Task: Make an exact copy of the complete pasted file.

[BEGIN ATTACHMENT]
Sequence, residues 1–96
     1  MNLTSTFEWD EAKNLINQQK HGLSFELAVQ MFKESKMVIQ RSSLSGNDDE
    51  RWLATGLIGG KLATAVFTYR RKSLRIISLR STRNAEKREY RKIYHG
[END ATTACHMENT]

Sequence, residues 1–96
     1  MNLTSTFEWD EAKNLINQQK HGLSFELAVQ MFKESKMVIQ RSSLSGNDDE
    51  RWLATGLIGG KLATAVFTYR RKSLRIISLR STRNAEKREY RKIYHG